The Hidden Costs Of Investing In Corporate Bonds And Other Semi-Liquid Assets

Frequent trading in and out of corporate bonds and other semi-liquid assets can quickly erode your returns. There is a great cost to liquidity and in most cases, these transactions involve paying off multiple middle-men as we will see in our example below:

Let’s take a look at a hypothetical transaction for Apple (NASDAQ:AAPL) 2.4 ’23 bonds.

We can look to Bloomberg to see a “mid-market” or hypothetical fair value for these bonds. One way to look at this value is to think of it as the price at which a dealer who is un-axed (meaning they have no position) would be indifferent between buying and selling. Right now that price is $101.442. In bond terms, that means the bond is trading at 101.442% of face value or in other words, $1014.42 per bond.

Now let’s suppose you were to buy such a bond, is that the price you’re going to get? Absolutely not. Let’s examine the process the bond has to go through to finally get to you.

First, you would have to go to your broker and give them an order. Your broker is then going to have to source these bonds somewhere. They’re likely to go to an ECN or electronic communication network to get a quote from a dealer, who is marking a market in the security. The dealer is willing to buy bonds at slightly below the fair market value and sell them at a slightly higher price. Dealers are, in effect, providing liquidity to the market for a fee.

Each of these three parties takes a cut of the action.

First, the dealer is making a market in the security. If $101.442 is the fair price, then dealers would certainly have to sell at a higher price to make money, so your broker might get back a quote of $101.500. Of course, the ECNs won’t work for free either. In order to use their platform, your broker will have to pay a fee as well, and after this, the price might be $101.520. Lastly, your broker will either charge you a commission or a markup (if sold from inventory). Finally, after all this, the net cost to you might be something like $101.625.

At the price you saw of $101.442, the yield of this bond was 1.995% but at $101.625, the yield is now only 1.945%, you’ve lost a whole 5 basis points. In dollar terms, you’ve paid roughly $1.80 per bond. If you were to then exit your transaction, you’d pay a similar set of fees on the other end. Our bond trades at 47 z. At 10 basis points a round trip, if you were to trade in and out just once per year, by the time these bonds matured, you would have made zero compensation for your risk.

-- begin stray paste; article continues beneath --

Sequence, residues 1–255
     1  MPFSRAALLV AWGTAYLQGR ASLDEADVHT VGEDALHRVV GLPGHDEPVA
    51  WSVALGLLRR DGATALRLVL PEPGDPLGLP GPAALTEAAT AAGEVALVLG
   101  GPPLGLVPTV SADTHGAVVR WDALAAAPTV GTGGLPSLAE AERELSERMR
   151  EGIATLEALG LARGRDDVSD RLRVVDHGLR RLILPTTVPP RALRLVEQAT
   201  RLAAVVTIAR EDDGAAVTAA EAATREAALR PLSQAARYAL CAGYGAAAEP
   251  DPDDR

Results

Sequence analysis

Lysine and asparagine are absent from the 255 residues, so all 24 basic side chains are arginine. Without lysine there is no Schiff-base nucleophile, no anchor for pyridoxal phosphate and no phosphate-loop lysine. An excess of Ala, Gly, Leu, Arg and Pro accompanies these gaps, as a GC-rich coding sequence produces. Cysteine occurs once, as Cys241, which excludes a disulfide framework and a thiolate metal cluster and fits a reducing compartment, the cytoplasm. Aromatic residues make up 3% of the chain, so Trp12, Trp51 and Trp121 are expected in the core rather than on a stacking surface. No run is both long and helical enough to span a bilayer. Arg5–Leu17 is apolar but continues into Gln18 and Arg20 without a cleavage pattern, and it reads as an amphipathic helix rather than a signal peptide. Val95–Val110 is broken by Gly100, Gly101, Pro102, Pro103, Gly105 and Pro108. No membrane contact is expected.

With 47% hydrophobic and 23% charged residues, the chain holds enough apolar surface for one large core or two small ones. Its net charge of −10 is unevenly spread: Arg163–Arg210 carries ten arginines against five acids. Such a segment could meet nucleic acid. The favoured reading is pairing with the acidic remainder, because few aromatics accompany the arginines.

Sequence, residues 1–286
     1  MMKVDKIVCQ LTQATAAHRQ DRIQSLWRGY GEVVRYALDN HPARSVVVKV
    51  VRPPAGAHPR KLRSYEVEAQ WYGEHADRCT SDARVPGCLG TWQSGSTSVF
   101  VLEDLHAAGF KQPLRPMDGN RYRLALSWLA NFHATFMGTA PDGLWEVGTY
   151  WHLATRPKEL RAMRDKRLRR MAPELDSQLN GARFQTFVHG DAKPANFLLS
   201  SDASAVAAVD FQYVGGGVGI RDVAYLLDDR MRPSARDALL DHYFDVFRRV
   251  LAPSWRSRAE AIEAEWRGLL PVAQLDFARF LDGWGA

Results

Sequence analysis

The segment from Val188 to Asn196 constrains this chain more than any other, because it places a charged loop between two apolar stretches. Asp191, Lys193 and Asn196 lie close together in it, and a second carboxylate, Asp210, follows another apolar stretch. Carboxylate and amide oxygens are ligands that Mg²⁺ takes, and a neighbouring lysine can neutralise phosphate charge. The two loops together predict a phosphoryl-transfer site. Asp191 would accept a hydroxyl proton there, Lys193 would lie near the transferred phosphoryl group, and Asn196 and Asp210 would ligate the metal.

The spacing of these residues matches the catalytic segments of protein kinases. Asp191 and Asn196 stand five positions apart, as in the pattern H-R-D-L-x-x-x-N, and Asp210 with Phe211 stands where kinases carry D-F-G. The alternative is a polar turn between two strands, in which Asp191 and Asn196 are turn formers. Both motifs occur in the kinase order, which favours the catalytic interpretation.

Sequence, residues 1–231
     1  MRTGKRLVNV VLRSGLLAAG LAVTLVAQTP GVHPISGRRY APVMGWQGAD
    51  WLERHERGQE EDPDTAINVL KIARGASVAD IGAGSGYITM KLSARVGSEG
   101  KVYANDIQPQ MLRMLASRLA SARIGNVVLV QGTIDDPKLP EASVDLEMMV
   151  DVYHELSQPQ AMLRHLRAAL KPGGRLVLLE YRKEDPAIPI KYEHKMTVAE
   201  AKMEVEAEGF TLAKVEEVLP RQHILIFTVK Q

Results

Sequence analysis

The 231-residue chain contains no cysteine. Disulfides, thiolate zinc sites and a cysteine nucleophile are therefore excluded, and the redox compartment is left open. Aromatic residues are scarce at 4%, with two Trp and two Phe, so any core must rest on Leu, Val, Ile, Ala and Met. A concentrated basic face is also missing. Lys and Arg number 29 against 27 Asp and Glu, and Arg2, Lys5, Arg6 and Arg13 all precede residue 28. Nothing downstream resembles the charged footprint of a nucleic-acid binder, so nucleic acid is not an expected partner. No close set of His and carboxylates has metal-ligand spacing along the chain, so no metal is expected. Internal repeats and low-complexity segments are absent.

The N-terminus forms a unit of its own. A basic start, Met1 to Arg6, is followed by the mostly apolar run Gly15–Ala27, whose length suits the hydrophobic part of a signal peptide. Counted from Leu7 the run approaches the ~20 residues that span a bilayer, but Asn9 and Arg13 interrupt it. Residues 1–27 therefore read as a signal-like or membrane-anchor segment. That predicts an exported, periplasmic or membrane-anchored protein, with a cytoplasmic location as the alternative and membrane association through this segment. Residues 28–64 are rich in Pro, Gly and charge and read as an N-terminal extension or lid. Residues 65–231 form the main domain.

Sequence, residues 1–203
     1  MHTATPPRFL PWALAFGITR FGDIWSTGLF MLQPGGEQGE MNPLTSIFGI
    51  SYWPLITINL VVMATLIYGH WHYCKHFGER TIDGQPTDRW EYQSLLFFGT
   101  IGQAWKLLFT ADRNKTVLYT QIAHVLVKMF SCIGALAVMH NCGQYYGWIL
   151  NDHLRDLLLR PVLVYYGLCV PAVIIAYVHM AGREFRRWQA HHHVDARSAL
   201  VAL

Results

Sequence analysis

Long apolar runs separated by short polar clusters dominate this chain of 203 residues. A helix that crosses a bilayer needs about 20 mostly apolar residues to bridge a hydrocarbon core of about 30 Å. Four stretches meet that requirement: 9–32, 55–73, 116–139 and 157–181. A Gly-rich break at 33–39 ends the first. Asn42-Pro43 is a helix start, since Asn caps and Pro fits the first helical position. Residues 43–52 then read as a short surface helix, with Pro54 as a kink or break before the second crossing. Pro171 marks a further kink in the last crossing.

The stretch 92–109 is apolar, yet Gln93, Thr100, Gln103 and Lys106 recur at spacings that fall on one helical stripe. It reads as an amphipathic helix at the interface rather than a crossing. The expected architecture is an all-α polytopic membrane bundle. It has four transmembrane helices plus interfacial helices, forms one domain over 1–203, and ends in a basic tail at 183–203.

Keep in mind, the example I gave was for very liquid Aa1/AA+ rated AAPL bonds. For riskier and less liquid high yield bonds, the dealer bid/ask spread, the ECN fee and the markups all become much higher.

If we were to look at some high yield bonds, a reasonably liquid B might trade at 0.5 to a 1 point spread. On top of that, a broker would probably charge another whole point in markup. From end to end, that could mean a whole 3% of face value taken out of a round trip. Trading twice per year would completely eliminate your yield and that’s not accounting for the risk-free-rate!

Thus, it is incredibly important to consider the transaction costs when transacting in semi-liquid asset classes. For those of you with smaller portfolios, it is probably best to consider alternatives to investing in individual securities such as ETFs or mutual funds. Typically, both brokers and ECNs have minimum ticket costs and so as a percentage of face value, the fees go up drastically for small transactions. Furthermore, as we’ve seen, frequently trading in and out of positions is incredibly expensive, and so it is probably best to engage in these positions only if you have a long investment horizon.

Hope this article helps everyone to better understand the costs associated with investing in bonds and other semi-liquid asset classes. If you enjoy my articles please support by subscribing!

Disclosure: I/we have no positions in any stocks mentioned, and no plans to initiate any positions within the next 72 hours. I wrote this article myself, and it expresses my own opinions. I am not receiving compensation for it (other than from Seeking Alpha). I have no business relationship with any company whose stock is mentioned in this article.